For the last two years, MBIA Insurance Corp. and J.P. Morgan Securities have been fighting in court. In September 2012, MBIA sued JPMorgan (and Bear Stearns, which was acquired by JP Morgan in 2008), alleging that Bear Stearns altered a third-party due diligence report so that MBIA would insure a $1.16 billion mortgage securitization.

The securitization in question, 2006-HE4 Securitization, originated from a pool of risky mortgages and MBIA alleged that Bear Stearns, as lead underwriter, manipulated the deal’s due diligence report to make the securitization look safer than it actually was. 

And according to New York State Supreme Court Justice Alan Scheinkman, that’s exactly what Bear Stearns did. But Scheinkman dismissed the case anyway because MBIA could not prove that it used the fraudulent information in its decision to insure the securitization.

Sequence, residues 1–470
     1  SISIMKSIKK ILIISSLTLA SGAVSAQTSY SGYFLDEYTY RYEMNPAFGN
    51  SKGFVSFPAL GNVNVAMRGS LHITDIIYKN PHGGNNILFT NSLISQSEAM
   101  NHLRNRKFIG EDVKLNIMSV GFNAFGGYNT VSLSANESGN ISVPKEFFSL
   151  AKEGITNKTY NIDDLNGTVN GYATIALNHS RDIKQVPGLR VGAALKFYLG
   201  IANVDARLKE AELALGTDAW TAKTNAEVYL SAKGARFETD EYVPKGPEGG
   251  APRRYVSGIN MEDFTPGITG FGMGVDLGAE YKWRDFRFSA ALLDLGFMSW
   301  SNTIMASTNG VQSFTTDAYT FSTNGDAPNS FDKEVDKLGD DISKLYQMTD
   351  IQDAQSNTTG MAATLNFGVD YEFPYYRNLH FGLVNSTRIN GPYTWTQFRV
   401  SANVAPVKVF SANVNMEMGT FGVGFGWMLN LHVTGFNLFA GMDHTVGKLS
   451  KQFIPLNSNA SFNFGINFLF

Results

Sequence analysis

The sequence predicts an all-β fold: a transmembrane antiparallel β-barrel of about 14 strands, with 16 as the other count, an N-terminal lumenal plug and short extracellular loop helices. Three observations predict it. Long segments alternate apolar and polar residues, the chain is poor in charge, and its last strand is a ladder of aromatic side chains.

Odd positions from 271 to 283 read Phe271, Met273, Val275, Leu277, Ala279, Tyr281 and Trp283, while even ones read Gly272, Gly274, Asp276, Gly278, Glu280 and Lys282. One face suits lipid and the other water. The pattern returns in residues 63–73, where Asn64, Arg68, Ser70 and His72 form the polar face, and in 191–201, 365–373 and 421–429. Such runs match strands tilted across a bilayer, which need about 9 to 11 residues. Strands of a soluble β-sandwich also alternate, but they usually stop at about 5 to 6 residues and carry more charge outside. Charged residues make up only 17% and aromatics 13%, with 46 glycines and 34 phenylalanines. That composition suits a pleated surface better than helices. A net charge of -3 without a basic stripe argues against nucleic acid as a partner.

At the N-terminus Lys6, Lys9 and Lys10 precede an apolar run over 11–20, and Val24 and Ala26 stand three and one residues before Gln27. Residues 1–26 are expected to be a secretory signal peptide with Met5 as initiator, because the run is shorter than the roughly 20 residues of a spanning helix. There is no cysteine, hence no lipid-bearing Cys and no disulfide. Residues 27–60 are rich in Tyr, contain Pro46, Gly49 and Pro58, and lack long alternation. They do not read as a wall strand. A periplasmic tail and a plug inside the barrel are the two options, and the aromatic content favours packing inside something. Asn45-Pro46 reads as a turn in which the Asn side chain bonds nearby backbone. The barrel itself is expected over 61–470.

According to Scheinkman’s ruling (which can be read in full here), Bear Stearns sent the “altered report” to MBIA “a scant few hours” before closing on the insurance policy. Scheinkman’s ruling states that there is evidence to support MBIA’s assertion that Bear Stearns “altered due diligence information (and) intentionally misrepresented existing material facts.”

But MBIA also claimed that it “relied on this misinformation to its detriment.” Scheinkman’s ruling states that there is no evidence of that.

“Had the underwriter (Bear Stearns) simply passed on the third-party due diligence information without alteration, the insurer (MBIA) would have only itself to blame for failing to review the information before issuing the policy,” Scheinkman wrote.